In January 2016, when Taliban leader Mullah Omer Mansour vowed “not [to] kill the soldier in cantonment, the lawyer in the court, and the politician in the senate and parliament,” but instead in schools, colleges, and universities which in his view, prepare them for these roles, no one believed the Taliban would keep their word. The August 8 attack on lawyers in Quetta’s military guarded Civil Hospital betrays that doubt; the Taliban proved they could keep their word. They also proved they could hit their targets wherever and whenever they want—no matter if the facilities are managed by civilians or the military.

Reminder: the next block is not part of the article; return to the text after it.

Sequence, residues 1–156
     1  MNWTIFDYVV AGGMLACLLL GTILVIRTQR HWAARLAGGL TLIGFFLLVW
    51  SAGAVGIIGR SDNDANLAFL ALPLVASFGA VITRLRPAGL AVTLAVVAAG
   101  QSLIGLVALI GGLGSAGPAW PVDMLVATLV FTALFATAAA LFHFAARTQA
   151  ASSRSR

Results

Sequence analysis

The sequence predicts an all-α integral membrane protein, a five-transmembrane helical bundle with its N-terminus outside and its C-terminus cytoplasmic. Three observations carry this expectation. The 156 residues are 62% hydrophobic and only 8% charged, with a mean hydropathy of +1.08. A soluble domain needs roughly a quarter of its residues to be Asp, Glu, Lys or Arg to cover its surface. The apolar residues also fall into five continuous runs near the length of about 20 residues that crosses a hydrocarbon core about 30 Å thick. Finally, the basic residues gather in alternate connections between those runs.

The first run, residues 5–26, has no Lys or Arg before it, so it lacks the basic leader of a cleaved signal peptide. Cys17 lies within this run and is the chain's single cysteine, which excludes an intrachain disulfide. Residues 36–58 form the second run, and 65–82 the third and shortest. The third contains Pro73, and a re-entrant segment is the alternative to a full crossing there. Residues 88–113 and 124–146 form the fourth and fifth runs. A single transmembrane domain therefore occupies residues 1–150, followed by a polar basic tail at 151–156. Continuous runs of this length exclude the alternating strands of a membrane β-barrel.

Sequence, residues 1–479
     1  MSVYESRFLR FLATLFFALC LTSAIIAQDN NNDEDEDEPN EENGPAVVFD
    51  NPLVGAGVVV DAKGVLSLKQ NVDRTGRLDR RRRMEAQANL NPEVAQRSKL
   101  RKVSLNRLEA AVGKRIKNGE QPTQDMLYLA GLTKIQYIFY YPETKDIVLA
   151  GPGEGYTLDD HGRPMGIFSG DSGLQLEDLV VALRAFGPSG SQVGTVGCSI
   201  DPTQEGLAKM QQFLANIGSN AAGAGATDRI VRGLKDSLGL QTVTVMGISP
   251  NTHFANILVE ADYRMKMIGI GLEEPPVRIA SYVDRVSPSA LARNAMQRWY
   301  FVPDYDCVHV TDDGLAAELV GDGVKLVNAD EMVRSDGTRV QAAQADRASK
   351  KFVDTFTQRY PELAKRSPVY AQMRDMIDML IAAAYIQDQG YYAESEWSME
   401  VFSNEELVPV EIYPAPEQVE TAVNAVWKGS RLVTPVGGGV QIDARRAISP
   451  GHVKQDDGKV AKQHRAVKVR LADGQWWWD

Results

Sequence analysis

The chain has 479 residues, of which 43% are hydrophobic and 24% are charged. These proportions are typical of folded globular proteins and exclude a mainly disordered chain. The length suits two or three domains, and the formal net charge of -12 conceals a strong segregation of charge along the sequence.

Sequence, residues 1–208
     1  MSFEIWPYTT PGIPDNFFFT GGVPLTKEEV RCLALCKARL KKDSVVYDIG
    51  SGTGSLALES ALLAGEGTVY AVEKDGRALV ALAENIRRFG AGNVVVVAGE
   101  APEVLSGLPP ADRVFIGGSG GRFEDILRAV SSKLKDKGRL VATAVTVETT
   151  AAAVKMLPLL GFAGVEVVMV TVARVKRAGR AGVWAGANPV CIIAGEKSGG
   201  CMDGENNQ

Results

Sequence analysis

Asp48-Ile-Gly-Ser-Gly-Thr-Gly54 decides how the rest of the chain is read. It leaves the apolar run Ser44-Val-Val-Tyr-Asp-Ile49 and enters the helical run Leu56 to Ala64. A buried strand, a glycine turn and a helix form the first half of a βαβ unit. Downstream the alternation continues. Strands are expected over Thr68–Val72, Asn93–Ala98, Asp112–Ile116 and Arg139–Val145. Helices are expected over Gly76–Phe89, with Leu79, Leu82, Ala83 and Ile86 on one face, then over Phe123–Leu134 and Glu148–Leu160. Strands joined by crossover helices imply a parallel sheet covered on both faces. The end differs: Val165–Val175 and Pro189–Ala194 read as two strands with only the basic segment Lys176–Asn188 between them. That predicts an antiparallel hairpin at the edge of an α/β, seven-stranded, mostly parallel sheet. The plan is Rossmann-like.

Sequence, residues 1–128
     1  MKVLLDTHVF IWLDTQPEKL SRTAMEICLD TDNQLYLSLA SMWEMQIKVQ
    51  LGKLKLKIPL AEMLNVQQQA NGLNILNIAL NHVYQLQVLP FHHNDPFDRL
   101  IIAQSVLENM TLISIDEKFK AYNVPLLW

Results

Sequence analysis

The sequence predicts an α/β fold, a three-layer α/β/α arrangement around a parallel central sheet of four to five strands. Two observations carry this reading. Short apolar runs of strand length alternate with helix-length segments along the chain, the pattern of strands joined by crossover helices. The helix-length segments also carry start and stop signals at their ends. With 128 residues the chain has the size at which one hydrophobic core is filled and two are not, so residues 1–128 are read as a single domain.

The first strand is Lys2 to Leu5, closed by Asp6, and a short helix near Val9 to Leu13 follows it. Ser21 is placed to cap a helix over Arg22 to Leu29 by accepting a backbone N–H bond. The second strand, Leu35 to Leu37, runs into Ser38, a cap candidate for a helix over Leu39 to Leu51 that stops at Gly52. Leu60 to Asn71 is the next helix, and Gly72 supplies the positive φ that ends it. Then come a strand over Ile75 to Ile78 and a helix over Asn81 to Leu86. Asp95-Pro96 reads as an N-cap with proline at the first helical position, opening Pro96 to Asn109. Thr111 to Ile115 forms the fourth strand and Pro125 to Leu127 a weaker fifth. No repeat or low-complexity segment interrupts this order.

As Mansour said, the Taliban did not attack lawyers in the courts. Rather, in what came to be seen as a well-choreographed attack, the group selected a high profile target — Mr. Bilal Anwar Kasi, the president of Balochistan Bar Association — to lure lawyers to leave their chambers for the civil hospital, where a suicide bomber (apparently) stood waiting. The moment panicked mourners — lawyers in great numbers, accompanied by journalists — thronged the hospital to mourn their colleague’s death, the suicide bomber pulled the trigger. He killed himself along with 70 others while critically injuring over 100. Out of 70 dead, it is said, 55 are lawyers.

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Image courtesy of Inter Services Public Relations